Pandemic only accelerates among the unvaccinated
Infections soar among young people, but population between 60 and 69 are cause for worry: only a third have received the second dose
Santa Coloma de GramenetUmpteenth rise in the curve of contagions in Catalonia. This time, however, only among people who have not been vaccinated or are not fully vaccinated. Around 90% of the cases from last week have occurred among age groups that have not yet been offered a vaccine - three in five are under 29 - or who have started vaccination but have not yet acquired immunity (aged 30-49). On the other hand, from the age of 50 onwards, incidences continue to fall steadily.
With 66% of those vaccinated with the full schedule, infections among those in their fifties have plummeted to 4% of weekly cases. Infections are also anecdotal for the over 70s (2.5%) and, according to data from the Department of Health, the only band that slightly increases its incidence is the one that goes from 60 to 69 years (3.5%). In this case, more than two thirds of those vaccinated have not yet received the second dose and around 15% seem reluctant to be vaccinated or at least to receive the AstraZeneca vaccine, since they have not received a jab at all.
Thus, the coronavirus epidemic in Catalonia is now running at two speeds. One of the curves continues to grow and mainly affects people under 49, who have a lower vaccination coverage. The other, which corresponds to those over 50, most of whom are fully vaccinated, continues to decline. "If the explosion in cases among young and unvaccinated shows anything, it is that vaccines work," says Clara Prats, a physicist and researcher at the Computational Biology and Complex Systems Group (Biocom-SC) at the UPC.
Prats is cautious and admits some concern about the drift of the epidemic in young people. She recalls that last summer it was already seen that transmission increased among young people due to the greater social interaction among them. And, unlike last year, in addition, now there has been the "perfect cocktail" for the virus to spread more easily and there is a boom in cases among young people: there is an increasing presence of the delta variant -more contagious- and many of the restrictions have been eliminated, including compulsory use of masks outdoors.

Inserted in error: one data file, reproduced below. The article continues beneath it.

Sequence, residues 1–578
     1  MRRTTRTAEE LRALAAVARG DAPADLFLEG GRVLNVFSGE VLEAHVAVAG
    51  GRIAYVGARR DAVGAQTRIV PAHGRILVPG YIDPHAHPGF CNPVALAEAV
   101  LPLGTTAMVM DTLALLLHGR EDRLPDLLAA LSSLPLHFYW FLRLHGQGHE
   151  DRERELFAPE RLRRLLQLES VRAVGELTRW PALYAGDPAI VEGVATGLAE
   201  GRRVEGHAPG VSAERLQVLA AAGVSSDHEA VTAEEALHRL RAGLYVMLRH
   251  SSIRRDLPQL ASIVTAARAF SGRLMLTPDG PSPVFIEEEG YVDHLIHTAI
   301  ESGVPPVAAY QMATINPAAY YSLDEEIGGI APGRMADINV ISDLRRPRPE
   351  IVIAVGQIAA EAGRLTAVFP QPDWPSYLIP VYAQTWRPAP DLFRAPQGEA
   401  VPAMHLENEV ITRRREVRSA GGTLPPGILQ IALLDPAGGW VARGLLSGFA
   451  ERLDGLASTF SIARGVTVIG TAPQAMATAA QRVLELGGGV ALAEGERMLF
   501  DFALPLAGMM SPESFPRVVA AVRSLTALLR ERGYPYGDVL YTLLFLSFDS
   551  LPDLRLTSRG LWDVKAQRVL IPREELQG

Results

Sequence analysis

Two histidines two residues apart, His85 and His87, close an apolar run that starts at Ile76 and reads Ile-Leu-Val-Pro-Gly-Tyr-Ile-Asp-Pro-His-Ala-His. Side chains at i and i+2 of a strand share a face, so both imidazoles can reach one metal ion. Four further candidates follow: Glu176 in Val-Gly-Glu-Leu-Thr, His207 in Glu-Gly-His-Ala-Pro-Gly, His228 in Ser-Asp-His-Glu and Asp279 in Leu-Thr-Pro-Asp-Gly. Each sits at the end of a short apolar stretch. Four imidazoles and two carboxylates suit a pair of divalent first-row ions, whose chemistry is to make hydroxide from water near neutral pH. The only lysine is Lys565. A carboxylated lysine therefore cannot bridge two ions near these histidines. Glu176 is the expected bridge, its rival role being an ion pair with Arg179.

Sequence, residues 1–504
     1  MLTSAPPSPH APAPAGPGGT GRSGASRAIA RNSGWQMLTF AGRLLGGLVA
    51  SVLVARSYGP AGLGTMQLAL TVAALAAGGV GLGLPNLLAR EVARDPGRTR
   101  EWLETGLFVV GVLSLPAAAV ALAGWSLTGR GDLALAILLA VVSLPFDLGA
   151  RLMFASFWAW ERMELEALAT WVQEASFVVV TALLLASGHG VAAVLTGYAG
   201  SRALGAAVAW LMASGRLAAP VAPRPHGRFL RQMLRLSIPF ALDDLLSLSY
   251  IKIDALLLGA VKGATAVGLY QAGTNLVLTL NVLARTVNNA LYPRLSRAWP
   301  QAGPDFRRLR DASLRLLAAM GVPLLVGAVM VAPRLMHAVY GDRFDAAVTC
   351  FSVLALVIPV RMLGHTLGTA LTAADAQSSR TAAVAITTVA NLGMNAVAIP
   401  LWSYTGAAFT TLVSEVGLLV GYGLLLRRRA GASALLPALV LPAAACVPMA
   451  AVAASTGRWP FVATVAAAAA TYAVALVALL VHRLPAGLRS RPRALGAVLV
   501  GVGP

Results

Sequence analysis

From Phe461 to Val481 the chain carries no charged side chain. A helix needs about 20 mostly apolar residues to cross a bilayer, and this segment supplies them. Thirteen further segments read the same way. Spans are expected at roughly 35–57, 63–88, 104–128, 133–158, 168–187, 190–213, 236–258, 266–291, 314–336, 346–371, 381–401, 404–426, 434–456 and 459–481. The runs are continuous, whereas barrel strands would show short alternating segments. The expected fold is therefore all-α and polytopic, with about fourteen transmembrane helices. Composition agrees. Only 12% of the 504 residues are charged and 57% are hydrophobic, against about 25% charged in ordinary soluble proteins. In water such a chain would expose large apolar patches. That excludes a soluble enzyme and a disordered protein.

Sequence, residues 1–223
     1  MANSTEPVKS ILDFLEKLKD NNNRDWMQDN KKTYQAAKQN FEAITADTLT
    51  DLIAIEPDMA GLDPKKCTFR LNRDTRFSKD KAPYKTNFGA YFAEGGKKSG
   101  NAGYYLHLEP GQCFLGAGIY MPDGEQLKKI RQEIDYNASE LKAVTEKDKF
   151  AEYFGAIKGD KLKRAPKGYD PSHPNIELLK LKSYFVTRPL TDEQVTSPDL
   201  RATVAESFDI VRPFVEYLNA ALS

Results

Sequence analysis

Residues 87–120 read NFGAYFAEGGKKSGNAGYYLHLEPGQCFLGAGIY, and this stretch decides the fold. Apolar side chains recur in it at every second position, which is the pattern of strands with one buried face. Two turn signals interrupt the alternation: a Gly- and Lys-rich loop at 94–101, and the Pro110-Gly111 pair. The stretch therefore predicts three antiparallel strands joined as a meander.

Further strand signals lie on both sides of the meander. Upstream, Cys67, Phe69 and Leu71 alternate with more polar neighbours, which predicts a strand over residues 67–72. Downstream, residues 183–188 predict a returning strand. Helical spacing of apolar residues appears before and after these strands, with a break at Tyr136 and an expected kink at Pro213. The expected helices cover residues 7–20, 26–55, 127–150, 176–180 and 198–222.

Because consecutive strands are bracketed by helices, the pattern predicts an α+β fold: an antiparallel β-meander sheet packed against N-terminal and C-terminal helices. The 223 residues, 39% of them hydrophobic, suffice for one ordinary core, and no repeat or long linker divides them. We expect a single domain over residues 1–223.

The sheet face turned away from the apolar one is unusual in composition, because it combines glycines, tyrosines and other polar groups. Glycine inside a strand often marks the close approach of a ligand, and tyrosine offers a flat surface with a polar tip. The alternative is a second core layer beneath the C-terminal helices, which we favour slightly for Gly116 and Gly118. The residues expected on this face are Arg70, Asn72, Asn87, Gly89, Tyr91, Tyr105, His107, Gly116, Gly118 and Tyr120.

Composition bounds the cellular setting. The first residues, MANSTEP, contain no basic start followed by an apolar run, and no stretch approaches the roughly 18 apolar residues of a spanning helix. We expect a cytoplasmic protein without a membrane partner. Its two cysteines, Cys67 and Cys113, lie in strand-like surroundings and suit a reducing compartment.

A clear example is the huge outbreaks that have originated in the Balearic Islands and the Canary Islands due to different end-of-year trips in which young people from all over the State took part. They have already caused over 353 infected students and 2,234 close contacts in Catalonia.
The Department of Health wants to open up vaccination for the under-30s "quickly" and at once . "But even if the youngest could start being vaccinated today," says Prats, "it would still take weeks to see the effects of vaccines on cumulative incidence". On average, it takes a month after the first jab to begin to see the protective effects of the vaccine in immunized groups. For example, the population aged between 40 and 49 years, which has only been vaccinated for fifteen days, has already achieved 60% of vaccinated with the first dose and will soon begin to see the drop in cases.
In the case of the population between 30 and 39, despite having already 18% of the population vaccinated with the first dose, they still represent one out in four weekly infections. For this reason, the Biocom requests "an immediate reduction in super-propagator events with many contagions" to avoid risk environments, such as large meetings, parties and unmasked gatherings indoors, which may hinder the vaccination process. At the moment, they say, there will be a "strong growth" in the coming days, but it will not be until the data from Wednesday and Thursday that you can have "a clearer idea" of the evolution. For example, if the rate of contagion (Rt), which indicates whether the pandemic is expanding, rises to 2 or not. It now stands at around 1.3.